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What to look for in a bass teacher

Discussion in 'General Instruction [BG]' started by txpitdog, Apr 25, 2006.


  1. txpitdog

    txpitdog

    Jan 1, 2006
    I have been taking lessons for the past 2 1/2 months. I'd been "playing" and "practicing" half-assedly for the past two years with little to no progress. My teacher has been great as far as teaching me the following:

    1. Scale structure and several scale patterns (major, relative minor, 2nd finger position, 4th finger position, major and minor pentatonic in two octaves)
    2. Learning by ear. The most important part of this is he taught me how to learn.
    3. Chord structure.

    In two months I've learned more than I taught myself in two years. The lessons and the money spent have been well worth it. However, the for the last three lessons he's just asked me "what do you want to learn?" I don't know! Why do you think I keep coming back? I guess I expected more of a structured curriculum.

    The guy is a guitar player, so I know that beyond the basics of music theory, I'm not going to get much in the way of technique or bass-specific stuff. Like I said, he's been great as far as teaching music theory and learning by ear, but that's about it.

    What else do I need to look for in a bass teacher? After this month's lessons, I'm considering finding someone else that is more focused on bass and bass method. Any suggestions or help would be GREATLY appreciated.
     
  2. ras1983

    ras1983

    Dec 28, 2004
    Sydney, Australia
    go to a music shop with a GREAT reputation, and ask if they give lessons and/or can put you in contact with good teachers. thats what i did and it worked wonders.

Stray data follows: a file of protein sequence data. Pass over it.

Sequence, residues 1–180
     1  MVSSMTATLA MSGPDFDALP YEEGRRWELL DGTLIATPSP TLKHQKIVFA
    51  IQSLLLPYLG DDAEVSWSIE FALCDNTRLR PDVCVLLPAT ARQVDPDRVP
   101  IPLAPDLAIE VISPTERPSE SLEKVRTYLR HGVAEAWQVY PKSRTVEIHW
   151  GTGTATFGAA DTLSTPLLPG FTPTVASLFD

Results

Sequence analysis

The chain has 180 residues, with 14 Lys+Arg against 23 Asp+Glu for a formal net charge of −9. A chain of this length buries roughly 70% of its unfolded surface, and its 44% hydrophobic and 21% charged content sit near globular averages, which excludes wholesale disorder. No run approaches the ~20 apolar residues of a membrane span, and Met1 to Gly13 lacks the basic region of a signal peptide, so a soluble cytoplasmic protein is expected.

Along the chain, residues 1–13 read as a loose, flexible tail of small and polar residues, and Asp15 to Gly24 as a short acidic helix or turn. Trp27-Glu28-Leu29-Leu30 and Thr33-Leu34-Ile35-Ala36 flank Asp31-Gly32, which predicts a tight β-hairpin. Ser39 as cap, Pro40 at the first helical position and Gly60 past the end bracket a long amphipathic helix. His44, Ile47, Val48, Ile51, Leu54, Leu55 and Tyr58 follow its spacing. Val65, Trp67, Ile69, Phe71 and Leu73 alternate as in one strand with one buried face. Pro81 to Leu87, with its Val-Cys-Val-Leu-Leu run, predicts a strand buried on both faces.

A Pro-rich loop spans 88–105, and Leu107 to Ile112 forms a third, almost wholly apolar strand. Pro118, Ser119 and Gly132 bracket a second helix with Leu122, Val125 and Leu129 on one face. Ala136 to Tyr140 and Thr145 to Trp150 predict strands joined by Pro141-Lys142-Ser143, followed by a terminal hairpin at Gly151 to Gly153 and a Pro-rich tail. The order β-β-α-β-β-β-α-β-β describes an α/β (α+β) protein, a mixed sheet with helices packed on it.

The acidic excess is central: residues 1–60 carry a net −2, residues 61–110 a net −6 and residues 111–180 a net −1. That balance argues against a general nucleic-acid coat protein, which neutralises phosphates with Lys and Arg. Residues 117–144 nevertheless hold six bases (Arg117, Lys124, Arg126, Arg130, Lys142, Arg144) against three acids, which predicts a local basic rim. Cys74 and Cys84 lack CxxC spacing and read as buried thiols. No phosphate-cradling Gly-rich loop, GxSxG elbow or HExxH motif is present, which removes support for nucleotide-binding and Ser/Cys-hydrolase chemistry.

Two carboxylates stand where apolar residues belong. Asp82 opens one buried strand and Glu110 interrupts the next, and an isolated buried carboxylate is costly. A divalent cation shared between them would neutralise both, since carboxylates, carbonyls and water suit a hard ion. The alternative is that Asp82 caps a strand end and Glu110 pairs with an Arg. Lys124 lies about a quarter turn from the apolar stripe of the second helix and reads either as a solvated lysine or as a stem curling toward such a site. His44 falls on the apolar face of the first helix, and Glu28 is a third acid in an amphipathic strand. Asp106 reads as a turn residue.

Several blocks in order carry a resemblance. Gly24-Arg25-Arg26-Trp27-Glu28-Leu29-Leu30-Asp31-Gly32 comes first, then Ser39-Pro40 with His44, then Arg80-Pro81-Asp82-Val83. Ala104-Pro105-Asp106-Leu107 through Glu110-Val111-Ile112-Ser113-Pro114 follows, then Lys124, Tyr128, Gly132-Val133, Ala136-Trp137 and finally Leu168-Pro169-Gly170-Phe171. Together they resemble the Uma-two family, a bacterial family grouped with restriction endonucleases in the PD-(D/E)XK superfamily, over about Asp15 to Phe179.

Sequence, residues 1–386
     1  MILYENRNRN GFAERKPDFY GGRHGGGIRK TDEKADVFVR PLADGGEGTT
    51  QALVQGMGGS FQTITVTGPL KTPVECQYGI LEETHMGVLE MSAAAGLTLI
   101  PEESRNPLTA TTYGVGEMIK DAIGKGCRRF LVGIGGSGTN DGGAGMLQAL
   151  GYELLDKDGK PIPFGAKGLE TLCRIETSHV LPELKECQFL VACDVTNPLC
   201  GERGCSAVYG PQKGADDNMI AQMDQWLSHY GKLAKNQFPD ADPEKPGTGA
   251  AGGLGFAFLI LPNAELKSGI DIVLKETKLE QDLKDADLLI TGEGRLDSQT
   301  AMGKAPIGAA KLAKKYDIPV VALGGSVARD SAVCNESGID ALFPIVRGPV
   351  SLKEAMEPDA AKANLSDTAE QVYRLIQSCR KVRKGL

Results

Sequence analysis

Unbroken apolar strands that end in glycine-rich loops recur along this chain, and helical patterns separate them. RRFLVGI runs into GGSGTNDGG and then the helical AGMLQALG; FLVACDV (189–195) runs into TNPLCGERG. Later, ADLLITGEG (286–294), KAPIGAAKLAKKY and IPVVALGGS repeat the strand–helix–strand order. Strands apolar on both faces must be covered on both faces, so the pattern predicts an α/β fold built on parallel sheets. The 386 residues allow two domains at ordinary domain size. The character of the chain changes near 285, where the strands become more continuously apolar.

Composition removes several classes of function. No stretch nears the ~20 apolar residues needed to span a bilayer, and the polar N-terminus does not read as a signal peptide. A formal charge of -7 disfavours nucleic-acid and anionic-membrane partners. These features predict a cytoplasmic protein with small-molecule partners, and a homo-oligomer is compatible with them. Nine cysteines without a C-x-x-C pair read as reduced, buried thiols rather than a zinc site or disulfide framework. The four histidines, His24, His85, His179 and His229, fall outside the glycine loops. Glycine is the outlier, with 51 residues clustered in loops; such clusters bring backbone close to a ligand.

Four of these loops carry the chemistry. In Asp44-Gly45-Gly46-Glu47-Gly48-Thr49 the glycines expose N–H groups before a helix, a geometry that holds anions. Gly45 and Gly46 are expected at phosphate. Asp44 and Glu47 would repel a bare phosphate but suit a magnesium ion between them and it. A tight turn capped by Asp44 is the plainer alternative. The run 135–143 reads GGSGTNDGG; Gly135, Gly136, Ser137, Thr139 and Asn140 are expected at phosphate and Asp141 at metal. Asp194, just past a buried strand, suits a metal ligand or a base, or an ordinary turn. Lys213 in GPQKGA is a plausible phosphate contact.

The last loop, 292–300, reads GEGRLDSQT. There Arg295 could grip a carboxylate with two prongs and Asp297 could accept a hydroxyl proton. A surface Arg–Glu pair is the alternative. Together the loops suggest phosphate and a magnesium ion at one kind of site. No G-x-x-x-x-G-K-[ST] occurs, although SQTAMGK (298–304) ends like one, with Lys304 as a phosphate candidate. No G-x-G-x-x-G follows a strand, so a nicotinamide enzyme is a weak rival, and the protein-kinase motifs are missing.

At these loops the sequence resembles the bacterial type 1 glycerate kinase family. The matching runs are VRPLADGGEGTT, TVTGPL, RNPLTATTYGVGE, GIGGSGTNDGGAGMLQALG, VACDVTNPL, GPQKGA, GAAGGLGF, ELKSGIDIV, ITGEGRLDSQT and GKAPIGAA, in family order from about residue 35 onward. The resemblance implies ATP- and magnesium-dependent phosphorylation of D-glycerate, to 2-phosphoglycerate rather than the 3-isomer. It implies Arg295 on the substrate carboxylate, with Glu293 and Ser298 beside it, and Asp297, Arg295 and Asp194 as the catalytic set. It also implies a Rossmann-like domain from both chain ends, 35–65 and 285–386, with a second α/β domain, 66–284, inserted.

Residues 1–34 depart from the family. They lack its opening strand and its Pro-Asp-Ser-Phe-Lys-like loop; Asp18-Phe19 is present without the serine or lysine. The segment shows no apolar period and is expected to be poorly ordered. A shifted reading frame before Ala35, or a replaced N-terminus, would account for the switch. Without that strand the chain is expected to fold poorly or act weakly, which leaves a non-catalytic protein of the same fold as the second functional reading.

3. You'll get a lot of opinions on this one, I suspect. The five broad things I like to see covered in lessons include music theory, reading, ear training, technique, and styles of playing. Early lessons focus more on musicianship (theory, reading, ear), next phase of lessons moves more into technique, then lessons branch into styles. These phases all overlap, but the emphasis shifts. As you move from musicianship into technique, you need a teacher who specializes in your instrument.

    Every student is different based on knowledge, skills, and stylistic interests. The instructor should be able to discern the first two, but you have to communicate your interests. The teacher should then have the experience to build the right package of training for you.
     
  4. steveb98

    steveb98 [acct disabled - multiple aliases]

    Mar 15, 2006
    Venice, CA
    You do hit a point with teachers that things aren't progressing. Either it you are bored or they have shown you what they can. When that happens time to move on to someone who will inspire you and take you to the next level.

    As for what to look for depends on if you know what you want, or you need someone to figure out where you are at and what you need next.

    Could be a good time for you to sit down with some paper and inventory what you know. Then write down what you want to do musically and with the bass. Those answers will help you interview potential bass teachers.
     
  5. BassChuck

    BassChuck Supporting Member

    Nov 15, 2005
    Cincinnati
    You didn't post your age in your profile, so my comments might not be totally on the point.

    Your private teacher is your employee... you pay them. They are there to help you reach your goal, not to make you be something other that what you want to be. So, know your goals. Why are you taking lessons? Where to do you want to be with your bass playing 2 years from now, 5 years, etc. etc. What hand position is best for the music you want to play? How do scales and chords apply to the music you are playing? How do you work through problems that can crop up on gigs?